Charlotte, the contemporary heroine, owned a wedding dress shop. She had a man she loved but couldn’t bring herself to choose her own gown. A piece of her story was missing. It was my job to bring her to truth one scene at a time.
The contemporary and historical scenes have to play off each other. For example, in The Writing Desk, I opened with Tenley struggling to write her next book while Birdie discovers her book is missing. What happened to it?
In the end, the stories must come together, and each timeline has a satisfying ending.
Back to Laura . . . On a similar note . . .
If you like dual timeline fiction, you might enjoy my novel, Fifteen Minutes with Mr. Baum. Set in Holland, Michigan, this pre-published novel alternates between 1980 and the early 1900s. It highlights The Wonderful Wizard of Oz author, L. Frank Baum. Read more and watch the book trailer here.
On a different note, if you enjoy small town Southern fiction or stories about family secrets, you might enjoy my recently re-launched novel All That Is Hidden, Set near North Carolina’s Smoky Mountains in 1968, the story spotlights the bond of family and the connections of a tight-knit community. Northern exploitation threatens as a father’s hidden past catches up to him and tests family ties. Learn more and watch the trailer here.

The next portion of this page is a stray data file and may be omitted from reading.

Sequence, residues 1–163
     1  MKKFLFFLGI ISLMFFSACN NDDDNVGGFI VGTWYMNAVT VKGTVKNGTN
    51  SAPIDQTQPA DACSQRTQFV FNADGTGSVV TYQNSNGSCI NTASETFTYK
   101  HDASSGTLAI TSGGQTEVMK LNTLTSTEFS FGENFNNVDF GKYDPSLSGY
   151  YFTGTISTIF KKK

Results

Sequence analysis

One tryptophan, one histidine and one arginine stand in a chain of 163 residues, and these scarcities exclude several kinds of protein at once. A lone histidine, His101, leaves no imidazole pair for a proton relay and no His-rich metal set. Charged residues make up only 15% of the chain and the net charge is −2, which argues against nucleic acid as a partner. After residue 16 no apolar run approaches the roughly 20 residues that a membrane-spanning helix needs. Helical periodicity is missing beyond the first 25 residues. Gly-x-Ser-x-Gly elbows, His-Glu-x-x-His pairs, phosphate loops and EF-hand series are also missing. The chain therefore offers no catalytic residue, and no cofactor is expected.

In June, 2022 I was named a semifinalist in Serious Writer’s Book of the Decade contest for All That Is Hidden. Additionally, in August, All That Is Hidden became the winner of the Artisan Book Reviews Book Excellence Award.
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Rachel Hauck Bio
New York Times, USA Today & Wall Street Journal Bestselling author Rachel Hauck writes from sunny central Florida. A RITA finalist and winner of Romantic Times Inspirational Novel of the Year, and Career Achievement Award, she writes vivid characters dealing with real life issues.
Her book, Once Upon A Prince, was made into an original Hallmark movie. Her novel, The Wedding Dress, has been optioned for film by Brain Power Studio.
She loves to hear from readers. She also loves to encourage new writers and sits on the Executive Board of American Christian Fiction Writers.
A graduate of Ohio State University with a BA in Journalism, Rachel is an avid OSU football fan. She hopes to one day stand on the sidelines in the Shoe with Ryan Day.
Visit her website to find out more and click on the icons to follow her on Instagram, Twitter and Facebook. Join her NEWSLETTER for exclusive monthly content.
Join me next time for a visit with author Michelle Griep.
Meanwhile, have you read The Writing Desk or other books by Rachel Hauck? Do you enjoy split-time fiction? Answer in the comments below.